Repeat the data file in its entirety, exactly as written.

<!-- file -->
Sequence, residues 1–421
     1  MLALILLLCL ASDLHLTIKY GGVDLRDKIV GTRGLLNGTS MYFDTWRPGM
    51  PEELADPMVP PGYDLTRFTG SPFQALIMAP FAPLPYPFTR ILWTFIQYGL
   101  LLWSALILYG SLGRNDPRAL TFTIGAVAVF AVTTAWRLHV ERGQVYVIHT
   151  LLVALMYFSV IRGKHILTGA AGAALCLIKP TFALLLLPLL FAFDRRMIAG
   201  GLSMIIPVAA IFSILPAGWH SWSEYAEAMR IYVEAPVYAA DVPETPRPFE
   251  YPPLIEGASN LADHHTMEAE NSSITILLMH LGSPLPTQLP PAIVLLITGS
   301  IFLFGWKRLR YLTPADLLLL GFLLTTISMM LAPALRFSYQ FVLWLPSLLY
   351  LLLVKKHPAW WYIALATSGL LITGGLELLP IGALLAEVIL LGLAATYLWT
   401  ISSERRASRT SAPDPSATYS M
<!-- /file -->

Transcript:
Sequence, residues 1–421
     1  MLALILLLCL ASDLHLTIKY GGVDLRDKIV GTRGLLNGTS MYFDTWRPGM
    51  PEELADPMVP PGYDLTRFTG SPFQALIMAP FAPLPYPFTR ILWTFIQYGL
   101  LLWSALILYG SLGRNDPRAL TFTIGAVAVF AVTTAWRLHV ERGQVYVIHT
   151  LLVALMYFSV IRGKHILTGA AGAALCLIKP TFALLLLPLL FAFDRRMIAG
   201  GLSMIIPVAA IFSILPAGWH SWSEYAEAMR IYVEAPVYAA DVPETPRPFE
   251  YPPLIEGASN LADHHTMEAE NSSITILLMH LGSPLPTQLP PAIVLLITGS
   301  IFLFGWKRLR YLTPADLLLL GFLLTTISMM LAPALRFSYQ FVLWLPSLLY
   351  LLLVKKHPAW WYIALATSGL LITGGLELLP IGALLAEVIL LGLAATYLWT
   401  ISSERRASRT SAPDPSATYS M